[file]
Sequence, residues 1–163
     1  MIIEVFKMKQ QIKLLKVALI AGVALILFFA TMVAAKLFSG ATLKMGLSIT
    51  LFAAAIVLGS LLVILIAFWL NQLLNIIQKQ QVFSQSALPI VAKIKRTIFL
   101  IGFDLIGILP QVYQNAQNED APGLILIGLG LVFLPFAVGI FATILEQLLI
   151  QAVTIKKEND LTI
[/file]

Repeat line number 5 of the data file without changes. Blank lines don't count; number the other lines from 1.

   151  QAVTIKKEND LTI